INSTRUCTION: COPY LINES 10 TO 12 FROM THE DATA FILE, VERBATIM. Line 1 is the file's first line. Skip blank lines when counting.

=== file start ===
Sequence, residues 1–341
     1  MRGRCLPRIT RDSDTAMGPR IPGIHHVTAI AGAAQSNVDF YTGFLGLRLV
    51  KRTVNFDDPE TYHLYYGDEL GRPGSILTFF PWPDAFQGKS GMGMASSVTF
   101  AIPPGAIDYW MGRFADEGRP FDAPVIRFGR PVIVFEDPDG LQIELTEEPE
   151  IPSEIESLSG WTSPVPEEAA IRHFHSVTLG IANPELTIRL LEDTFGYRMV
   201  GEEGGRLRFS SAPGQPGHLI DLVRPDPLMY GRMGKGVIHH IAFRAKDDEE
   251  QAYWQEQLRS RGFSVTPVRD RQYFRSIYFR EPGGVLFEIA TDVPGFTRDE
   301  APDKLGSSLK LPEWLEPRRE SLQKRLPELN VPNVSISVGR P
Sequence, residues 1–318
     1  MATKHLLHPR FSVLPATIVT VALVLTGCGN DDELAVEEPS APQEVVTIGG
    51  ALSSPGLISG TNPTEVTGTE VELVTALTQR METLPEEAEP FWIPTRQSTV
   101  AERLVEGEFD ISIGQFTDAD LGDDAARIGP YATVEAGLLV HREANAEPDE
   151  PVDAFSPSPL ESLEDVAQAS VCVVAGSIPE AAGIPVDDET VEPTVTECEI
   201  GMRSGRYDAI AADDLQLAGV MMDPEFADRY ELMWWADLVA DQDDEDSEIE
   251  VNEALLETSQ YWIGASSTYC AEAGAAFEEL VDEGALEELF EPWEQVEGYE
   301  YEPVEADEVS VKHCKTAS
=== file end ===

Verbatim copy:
     1  MATKHLLHPR FSVLPATIVT VALVLTGCGN DDELAVEEPS APQEVVTIGG
    51  ALSSPGLISG TNPTEVTGTE VELVTALTQR METLPEEAEP FWIPTRQSTV
   101  AERLVEGEFD ISIGQFTDAD LGDDAARIGP YATVEAGLLV HREANAEPDE